The gamma knife is a state-of-the art medical device used to conduct highly precise, non-invasive brain surgeries. Gamma knife surgery dates back to 1967, when Swedish neurosurgeon, Lars Leksell, invented the gamma device. The gamma knife and the computerized treatment planning software that it employs allow physicians to locate and remove small tumors in the brain with extreme precision. During gamma knife surgery, multiple beams of radiation are simultaneously shot at the target area in the patient's brain without causing damage to surrounding healthy tissue.
How it Works
The gamma knife uses a technique called stereotactic radio surgery. About 200 beams of radiation converge three-dimensionally on a precise point in the brain, i.e. a tumor. This allows doctors to deliver intense doses of radiation to the target in a safe and efficient manner. The use of robotic technology allows the patient to be moved by precise, sub-millimeter increments during the procedure, ensuring that the radiation hits all parts of the targeted area.
With the patient anesthetized, a rigid head frame that incorporates a 3D coordinate system surrounds the patient's skull. Imaging studies are then conducted on the patient's brain and the results are input into the gamma knife's computer system. A group of doctors then delineates the target areas and calculates the parameters of the gamma knife treatment. The best method for performing a treatment during a gamma knife session is by conducting several shots from different angles. A great deal of fine tuning and adjustments must be done in order to determine the optimal gamma knife positioning. When the final coordinates are determined, the head frame is attached to the gamma knife device so that the target area of the patient's brain will be at the exact center where the 200 or so precision radiation beams will intersect. Any given gamma knife surgery can take anywhere from a few minutes to a few hours to complete, depending on the kind of target being treated. The radiation "shots" are not felt by the patient, so there is no pain in that sense. Patients may return to normal activity fairly soon after gamma knife surgery. The gamma knife procedure is currently one of the most effective treatments for brain tumors. Acoustic neuroma gamma knife surgery is an especially effective treatment option, and is growing in popularity for treating acoustic neuroma.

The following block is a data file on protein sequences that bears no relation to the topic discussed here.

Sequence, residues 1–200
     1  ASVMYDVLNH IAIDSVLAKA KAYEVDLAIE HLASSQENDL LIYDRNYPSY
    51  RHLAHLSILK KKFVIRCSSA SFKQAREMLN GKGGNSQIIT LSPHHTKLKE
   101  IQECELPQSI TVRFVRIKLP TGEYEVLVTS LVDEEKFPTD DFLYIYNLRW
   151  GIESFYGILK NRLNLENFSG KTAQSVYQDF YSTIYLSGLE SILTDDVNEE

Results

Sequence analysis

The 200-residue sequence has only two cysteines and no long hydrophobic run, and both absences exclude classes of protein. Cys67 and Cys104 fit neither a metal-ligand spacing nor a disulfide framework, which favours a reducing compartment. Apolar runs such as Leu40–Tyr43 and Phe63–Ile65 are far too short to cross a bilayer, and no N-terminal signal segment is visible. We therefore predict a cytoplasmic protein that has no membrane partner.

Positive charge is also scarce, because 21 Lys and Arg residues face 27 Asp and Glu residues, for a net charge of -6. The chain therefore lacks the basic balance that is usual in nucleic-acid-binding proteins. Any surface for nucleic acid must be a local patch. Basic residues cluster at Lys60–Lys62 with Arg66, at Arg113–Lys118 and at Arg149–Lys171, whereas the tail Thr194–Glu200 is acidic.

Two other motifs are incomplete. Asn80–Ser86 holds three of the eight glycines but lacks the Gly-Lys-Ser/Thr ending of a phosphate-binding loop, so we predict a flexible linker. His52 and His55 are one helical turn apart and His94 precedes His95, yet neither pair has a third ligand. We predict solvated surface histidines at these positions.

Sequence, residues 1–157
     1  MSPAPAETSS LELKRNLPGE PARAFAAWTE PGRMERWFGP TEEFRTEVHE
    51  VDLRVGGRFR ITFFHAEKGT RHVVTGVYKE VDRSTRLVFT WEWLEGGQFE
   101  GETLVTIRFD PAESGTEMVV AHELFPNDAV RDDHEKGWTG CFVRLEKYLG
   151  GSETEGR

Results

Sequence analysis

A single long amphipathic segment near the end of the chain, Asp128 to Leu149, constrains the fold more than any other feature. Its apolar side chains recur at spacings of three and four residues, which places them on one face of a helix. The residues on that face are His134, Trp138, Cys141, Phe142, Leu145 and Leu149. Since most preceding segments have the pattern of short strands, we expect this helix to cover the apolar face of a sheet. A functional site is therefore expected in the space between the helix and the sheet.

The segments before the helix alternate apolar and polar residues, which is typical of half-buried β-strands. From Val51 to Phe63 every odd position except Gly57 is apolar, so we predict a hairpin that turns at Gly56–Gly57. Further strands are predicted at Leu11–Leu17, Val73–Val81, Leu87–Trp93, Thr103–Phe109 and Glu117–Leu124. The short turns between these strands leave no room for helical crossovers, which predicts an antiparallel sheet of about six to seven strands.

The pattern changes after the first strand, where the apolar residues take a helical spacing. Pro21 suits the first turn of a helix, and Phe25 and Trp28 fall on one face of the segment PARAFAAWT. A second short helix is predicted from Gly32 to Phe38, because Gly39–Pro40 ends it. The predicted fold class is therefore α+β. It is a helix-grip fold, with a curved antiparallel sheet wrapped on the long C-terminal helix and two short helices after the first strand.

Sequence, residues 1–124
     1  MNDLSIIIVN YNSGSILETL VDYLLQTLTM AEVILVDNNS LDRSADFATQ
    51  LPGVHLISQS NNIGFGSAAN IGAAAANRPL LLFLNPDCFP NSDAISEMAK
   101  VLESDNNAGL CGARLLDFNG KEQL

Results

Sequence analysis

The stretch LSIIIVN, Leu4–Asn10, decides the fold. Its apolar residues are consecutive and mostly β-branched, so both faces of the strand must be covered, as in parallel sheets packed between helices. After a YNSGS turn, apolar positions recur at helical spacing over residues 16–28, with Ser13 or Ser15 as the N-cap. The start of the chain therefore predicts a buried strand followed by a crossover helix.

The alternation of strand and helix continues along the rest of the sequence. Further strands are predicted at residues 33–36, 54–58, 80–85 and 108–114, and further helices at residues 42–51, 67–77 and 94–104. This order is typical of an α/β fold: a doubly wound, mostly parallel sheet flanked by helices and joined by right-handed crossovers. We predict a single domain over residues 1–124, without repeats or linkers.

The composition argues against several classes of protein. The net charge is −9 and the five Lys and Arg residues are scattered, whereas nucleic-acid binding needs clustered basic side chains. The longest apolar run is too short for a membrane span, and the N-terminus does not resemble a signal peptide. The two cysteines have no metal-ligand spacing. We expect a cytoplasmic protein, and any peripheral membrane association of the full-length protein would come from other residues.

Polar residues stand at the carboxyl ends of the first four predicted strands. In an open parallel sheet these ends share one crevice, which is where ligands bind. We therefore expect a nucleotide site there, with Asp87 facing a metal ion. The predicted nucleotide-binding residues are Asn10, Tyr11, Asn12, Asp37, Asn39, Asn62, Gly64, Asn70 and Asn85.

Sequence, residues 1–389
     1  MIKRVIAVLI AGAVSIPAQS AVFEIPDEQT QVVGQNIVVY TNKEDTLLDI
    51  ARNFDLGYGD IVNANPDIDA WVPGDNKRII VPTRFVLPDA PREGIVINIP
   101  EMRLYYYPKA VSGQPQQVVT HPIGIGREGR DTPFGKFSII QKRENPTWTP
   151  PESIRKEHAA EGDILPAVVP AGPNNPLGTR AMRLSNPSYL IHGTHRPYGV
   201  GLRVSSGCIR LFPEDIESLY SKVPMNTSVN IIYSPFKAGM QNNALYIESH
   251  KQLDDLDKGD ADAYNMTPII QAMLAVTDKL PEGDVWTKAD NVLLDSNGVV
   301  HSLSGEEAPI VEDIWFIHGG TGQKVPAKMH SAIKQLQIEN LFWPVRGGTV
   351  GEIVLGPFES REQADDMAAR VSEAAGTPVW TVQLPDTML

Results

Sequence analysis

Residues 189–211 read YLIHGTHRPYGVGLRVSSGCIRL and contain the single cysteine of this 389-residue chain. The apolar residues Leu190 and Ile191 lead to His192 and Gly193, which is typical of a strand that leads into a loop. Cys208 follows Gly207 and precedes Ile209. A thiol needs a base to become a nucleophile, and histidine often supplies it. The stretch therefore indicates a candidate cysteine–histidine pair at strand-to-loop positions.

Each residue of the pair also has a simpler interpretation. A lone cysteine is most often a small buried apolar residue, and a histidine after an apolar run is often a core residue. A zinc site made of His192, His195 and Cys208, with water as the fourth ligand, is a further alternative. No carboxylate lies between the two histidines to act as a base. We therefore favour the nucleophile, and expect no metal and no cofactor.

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For more resources regarding gamma knife surgery or even about treatment for brain tumors and especially about acoustic neuroma gamma knife please review these pages.
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